Plasma/catalytic gas cleaning to deliver high quality syngas from the gasification of biomass

Objectives
This project seeks to develop a novel gas cleaning process based on low temperature plasma/catalyst technology to decompose tars to produce a clean, high quality syngas from the gasification of waste biomass.
Background
The gasification of biomass wastes represents a major thermochemical route to produce a high energy value syngas from a source which is renewable and CO2-neutral. However, one of the major issues in the gasification process is contamination of the product syngas with tar, particulate matter and other pollutant species. Tar is the key problem for biomass gasification and is a complex mixture of condensable hydrocarbons. The formation of tar causes major process and syngas end-use problems, including tar blockages, plugging and corrosion in downstream fuel lines, filters, engine nozzles and turbines.

Plasma catalysis provides an attractive alternative to the conventional catalytic route for converting tar into clean fuels at low temperatures (< 200 oC). The integration of plasma and solid catalysts has great potential to generate a synergistic effect, which can activate catalysts at low temperatures and improve the activity and stability of the catalysts, resulting in the remarkable enhancement of reactant conversion, selectivity and yield of end-products, as well as the energy efficiency of the plasma process.

The project investigates the application of plasma-catalysis for the removal or reforming of tars to produce a clean syngas from the gasification of biomass.

Method
Initial work focuses on the development of catalysts that are effective for tar reduction using novel catalyst design and preparation methods. The role of plasma-catalysis in reducing tar will be explored using model compounds found in tar to understand the degradation processes affecting particular chemical compounds during the plasma-catalysis process.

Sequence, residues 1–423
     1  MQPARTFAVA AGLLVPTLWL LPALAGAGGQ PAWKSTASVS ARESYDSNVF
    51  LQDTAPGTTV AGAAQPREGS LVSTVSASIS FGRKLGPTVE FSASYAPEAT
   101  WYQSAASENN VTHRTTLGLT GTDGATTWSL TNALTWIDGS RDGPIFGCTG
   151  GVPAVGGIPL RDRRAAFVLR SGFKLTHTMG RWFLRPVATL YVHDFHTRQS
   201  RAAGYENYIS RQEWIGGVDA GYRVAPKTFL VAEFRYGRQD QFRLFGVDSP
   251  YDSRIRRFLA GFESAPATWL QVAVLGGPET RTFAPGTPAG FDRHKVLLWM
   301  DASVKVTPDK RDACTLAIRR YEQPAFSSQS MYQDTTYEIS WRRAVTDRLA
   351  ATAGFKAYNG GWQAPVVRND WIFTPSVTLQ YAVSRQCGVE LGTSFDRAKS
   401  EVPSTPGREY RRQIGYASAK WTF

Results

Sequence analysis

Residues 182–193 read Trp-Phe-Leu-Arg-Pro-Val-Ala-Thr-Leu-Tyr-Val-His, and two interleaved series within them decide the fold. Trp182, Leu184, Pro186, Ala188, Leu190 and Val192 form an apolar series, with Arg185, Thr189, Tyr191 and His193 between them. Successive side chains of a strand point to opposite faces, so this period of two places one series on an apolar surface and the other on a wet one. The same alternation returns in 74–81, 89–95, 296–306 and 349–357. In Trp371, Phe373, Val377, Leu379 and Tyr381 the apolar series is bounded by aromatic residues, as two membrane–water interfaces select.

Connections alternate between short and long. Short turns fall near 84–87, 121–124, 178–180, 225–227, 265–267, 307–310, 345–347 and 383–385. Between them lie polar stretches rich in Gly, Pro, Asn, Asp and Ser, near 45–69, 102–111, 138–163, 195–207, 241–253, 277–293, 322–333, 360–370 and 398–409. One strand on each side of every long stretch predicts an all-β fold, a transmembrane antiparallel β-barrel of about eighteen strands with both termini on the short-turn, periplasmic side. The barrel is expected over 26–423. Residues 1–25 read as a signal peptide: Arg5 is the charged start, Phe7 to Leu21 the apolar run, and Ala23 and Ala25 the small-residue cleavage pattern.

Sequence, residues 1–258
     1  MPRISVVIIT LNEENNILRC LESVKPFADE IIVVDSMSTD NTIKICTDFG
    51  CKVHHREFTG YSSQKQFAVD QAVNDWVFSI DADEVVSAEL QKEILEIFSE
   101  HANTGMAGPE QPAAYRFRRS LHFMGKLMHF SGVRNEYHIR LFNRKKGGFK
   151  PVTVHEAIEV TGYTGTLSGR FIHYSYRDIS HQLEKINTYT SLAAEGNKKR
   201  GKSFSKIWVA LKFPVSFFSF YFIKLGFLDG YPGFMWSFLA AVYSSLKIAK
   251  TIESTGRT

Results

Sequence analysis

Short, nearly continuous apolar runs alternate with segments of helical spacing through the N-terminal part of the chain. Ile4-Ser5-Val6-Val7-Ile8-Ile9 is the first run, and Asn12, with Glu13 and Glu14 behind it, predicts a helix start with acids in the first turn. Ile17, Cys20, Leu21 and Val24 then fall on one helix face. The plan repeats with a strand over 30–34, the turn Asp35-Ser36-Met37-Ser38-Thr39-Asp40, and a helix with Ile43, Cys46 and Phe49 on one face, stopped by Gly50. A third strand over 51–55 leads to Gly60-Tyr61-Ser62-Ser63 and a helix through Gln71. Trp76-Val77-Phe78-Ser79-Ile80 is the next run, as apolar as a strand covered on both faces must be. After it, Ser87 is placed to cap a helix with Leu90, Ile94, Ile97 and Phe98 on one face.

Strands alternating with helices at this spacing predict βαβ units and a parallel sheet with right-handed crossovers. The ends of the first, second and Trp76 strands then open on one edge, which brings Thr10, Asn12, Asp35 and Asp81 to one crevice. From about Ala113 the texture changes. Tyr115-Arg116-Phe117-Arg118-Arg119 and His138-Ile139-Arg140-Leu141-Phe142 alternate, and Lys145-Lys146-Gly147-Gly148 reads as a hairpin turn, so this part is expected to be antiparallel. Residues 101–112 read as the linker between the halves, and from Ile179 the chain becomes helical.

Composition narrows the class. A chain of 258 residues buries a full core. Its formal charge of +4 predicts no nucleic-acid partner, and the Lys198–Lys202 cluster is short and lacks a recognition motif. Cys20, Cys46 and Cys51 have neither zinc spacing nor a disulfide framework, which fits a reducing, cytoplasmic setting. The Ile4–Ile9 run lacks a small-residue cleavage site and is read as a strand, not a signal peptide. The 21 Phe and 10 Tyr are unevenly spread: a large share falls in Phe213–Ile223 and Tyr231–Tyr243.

Gasification of the biomass will be investigated in a fluidised bed gasifier and a two-stage screw kiln pyrolysis-gasification reactor.  The reactors will be modified to include the downstream plasma-catalytic syngas cleaning process. Experimental and detailed analytical work developing the coupled biomass gasification-plasma-catalyst gas cleaning process will enable a mechanistic understanding of the tar reduction process and will be extended by CFD modelling of model tar compounds.  Process modelling and simulation of the combined gasification-gas clean-up system will build a foundation for process analysis, optimal design and operation to facilitate exploitation of this innovative technology development.

 

 

For more information on this project please contact: 

Professor Paul T. Williams, University of Leeds (Email: p.t.williams@leeds.ac.uk)

 

Academic Partners:

University of Liverpool

Cranfield University

University of Hull

 

Industrial Partners:

Thermitech Solutions Ltd., Chandlers Ford

Future Blends Ltd., Milton Park

Alstom Power Ltd., Rugby

Process Systems Enterprises Ltd., London

C-Tech Innovation Ltd., Chester